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Global commentary: Hanoi summit sparks hope for a united Korea

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Last week, President Donald Trump was in Hanoi, Vietnam, to speak with North Korean leader, Kim Jong-un. This was the second round of talks that aimed to denuclearize the peninsula in Southeast Asia. Although this summit ended abruptly and with little progress made, there is still hope of a bright future for both Koreas.

The first summit with North Korea took place in Singapore in June 2018, with Trump at the helm. Despite his exorbitant victory tweets, not much was gained from the first meeting. They did agree, however, to meet a second time in Hanoi to try again.

The White House released a document containing a joint statement made by Trump and Kim from the summit. It states that North Korea, “commits to work toward complete denuclearization of the Korean Peninsula.” If that sounds uninspiring, it’s because it is.

This is not the first time they’ve “agreed” to get rid of their nuclear weapons technology. According to the Arms Control Association, North Korea has said this multiple times to multiple presidents and yet, nothing has changed.

Although there was no real progress at the first meeting, no sitting U.S. president has ever negotiated with North Korea’s leader in person, which makes the meeting itself truly unprecedented.

Thanks to Trump’s summit meetings, Korean leaders have met face to face once again. South Korean President, Moon Jae-in met with Kim in April 2018 – the first time the two sat down to talk in 11 years.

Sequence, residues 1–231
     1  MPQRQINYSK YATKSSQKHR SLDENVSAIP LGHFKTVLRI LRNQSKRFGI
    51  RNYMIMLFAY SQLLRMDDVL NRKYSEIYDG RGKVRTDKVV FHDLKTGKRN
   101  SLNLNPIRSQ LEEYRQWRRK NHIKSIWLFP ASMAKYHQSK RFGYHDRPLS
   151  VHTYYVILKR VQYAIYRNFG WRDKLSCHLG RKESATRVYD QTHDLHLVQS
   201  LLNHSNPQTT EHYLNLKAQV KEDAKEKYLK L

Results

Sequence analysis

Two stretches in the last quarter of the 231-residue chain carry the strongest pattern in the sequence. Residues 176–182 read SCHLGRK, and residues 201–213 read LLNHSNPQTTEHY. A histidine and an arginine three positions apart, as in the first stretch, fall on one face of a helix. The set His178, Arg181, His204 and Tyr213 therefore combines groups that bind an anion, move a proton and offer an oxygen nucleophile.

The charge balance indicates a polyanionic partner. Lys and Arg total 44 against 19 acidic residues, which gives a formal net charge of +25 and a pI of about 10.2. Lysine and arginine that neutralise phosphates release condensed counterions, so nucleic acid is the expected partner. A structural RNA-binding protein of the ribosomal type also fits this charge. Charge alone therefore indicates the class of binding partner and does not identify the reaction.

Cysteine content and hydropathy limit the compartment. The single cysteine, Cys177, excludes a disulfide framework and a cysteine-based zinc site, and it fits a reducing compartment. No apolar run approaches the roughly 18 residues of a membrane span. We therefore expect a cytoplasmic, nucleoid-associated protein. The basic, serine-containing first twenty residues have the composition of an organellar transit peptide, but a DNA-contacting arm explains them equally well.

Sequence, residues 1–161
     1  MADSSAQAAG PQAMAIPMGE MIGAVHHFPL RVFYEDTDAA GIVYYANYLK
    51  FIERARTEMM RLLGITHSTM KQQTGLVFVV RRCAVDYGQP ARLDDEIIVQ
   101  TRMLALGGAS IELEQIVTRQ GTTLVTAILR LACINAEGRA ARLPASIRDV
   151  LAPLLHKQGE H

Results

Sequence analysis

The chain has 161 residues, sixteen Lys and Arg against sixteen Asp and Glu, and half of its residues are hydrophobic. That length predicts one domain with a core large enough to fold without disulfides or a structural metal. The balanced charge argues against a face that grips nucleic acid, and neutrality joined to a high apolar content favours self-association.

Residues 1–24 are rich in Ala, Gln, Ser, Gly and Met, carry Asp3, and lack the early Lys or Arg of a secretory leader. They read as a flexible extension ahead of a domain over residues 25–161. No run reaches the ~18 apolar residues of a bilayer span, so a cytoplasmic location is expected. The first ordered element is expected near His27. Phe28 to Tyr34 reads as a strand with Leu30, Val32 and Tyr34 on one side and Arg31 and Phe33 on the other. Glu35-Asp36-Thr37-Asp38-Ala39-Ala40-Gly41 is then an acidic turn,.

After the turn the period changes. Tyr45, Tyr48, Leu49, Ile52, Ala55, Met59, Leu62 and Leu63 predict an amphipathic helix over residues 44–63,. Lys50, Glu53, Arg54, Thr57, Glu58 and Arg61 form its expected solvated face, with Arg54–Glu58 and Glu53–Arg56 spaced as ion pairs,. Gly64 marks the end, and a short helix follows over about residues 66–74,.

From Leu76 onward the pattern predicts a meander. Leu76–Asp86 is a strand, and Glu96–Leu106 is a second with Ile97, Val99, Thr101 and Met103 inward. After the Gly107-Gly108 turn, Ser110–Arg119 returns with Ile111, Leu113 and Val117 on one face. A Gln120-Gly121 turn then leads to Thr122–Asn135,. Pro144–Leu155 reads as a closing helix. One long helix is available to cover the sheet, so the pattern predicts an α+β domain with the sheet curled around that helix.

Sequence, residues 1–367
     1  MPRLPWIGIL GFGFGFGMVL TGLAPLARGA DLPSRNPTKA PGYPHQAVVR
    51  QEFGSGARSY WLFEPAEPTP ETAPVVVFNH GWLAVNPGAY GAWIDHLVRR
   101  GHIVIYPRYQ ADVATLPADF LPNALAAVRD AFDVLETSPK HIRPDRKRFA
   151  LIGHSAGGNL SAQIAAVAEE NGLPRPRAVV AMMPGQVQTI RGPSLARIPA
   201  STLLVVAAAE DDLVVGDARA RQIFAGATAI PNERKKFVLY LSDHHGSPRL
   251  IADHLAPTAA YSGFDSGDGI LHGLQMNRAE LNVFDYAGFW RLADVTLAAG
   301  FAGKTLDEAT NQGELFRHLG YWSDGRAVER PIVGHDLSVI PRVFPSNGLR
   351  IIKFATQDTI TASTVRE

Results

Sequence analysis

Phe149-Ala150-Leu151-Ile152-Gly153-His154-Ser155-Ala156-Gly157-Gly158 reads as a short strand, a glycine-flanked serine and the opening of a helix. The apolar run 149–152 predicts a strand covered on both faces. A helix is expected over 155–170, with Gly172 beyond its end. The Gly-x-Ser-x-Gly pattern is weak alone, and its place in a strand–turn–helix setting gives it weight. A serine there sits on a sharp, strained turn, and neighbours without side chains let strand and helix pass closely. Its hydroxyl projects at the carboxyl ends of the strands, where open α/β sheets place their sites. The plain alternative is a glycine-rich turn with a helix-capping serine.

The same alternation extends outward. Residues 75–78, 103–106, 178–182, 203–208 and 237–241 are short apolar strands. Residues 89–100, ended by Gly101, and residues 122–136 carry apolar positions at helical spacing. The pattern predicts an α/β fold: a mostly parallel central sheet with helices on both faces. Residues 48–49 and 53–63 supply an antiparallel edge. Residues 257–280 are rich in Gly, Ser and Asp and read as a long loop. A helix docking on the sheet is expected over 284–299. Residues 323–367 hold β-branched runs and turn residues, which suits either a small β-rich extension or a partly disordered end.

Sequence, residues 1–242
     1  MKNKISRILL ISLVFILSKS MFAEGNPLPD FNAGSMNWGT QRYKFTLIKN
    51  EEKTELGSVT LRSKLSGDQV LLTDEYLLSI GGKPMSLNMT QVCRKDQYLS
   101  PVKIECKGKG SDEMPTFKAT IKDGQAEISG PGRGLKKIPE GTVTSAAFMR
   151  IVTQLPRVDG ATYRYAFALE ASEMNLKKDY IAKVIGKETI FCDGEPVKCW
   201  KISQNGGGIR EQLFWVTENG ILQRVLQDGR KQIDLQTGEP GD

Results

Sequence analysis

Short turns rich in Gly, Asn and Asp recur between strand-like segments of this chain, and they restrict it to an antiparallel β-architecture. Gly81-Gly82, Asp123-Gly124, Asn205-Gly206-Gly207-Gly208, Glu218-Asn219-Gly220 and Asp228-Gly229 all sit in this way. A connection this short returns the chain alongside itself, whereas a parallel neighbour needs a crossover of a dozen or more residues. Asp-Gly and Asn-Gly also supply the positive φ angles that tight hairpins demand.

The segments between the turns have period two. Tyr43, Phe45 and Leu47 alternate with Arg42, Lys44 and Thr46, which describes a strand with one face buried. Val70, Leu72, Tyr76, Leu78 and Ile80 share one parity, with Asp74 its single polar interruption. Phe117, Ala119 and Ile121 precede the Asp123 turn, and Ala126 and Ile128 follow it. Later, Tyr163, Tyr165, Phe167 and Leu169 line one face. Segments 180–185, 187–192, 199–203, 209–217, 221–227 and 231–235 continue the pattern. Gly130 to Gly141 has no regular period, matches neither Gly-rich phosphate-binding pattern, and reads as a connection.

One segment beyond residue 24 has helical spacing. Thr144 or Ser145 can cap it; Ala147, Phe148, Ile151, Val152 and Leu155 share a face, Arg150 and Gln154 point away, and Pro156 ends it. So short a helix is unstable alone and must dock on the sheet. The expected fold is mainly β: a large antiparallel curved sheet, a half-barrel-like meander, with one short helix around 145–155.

According to CNN, they have made progress of their own, including the proposition to formally end the Korean War. Furthermore, the two nations plan to submit a bid to host the 2032 Summer Olympics, create roads and railroads to link one another, as well as reduce the forces at the Demilitarized Zone.

The demands Trump made at the Hanoi Summit were for North Korea to surrender all nuclear weapon capabilities in exchange for the U.S. to lift the sanctions that have crippled North Korea’s economy.

The New York Times reported that North Korea rejected this offer, once again. In true Trump fashion, he ignored his top officials John Bolton and Mike Pompeo’s beliefs that the deal would not be accepted by Kim, and asked anyway.

Kim, of course, denied, and apparently counter offered with a proposal to dismantle a nuclear complex in Yongbyon, a vital part of their nuclear program, in exchange for the end of some particularly damaging sanctions made when they launched a missile in 2016, according to the New York Times.

It is not yet known if Trump will concede to Kim’s offer. Pompeo believes this would be a bad idea, as North Korea is known to hide its more serious nuclear facilities. The Center for Strategic and International Studies reported that North Korea has some nuclear materials hidden deep under remote mountains.

Both leaders have insulted one another in the past. According to Twitter and the BBC, Trump has called Kim “Little Rocket Man”, while Kim described Trump as “mentally deranged.”

Trump even nonchalantly threatened nuclear war with his boast of having such a button on his desk. Surprisingly, these feelings reversed when in a September 2017 rally in West Virginia, Trump announced to the crowd that Kim sends him beautiful letters and that they “fell in love,” according to Reuters.

From insults and threats to love letters, their relationship is bizarre to say the least. While he remains steadfast on taking away Kim’s nuclear weapons, Trump does not seem to acknowledge the lengthy and atrocious list of crimes the Kim regime is responsible for.

Perhaps Trump believes that crossing that bridge at this point will unravel the possibility of future summits, and he is adamant that the most recent talks in Vietnam will not be the last.

Opening dialogue with North Korea was taboo years ago, but today they’re happening again and again. Nothing is certain at this point, as North Korea has not actually given up anything, but there is hope that these passing, strange, years may be the last of a divided Korea.

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Global commentary: Hanoi summit sparks hope for a united Korea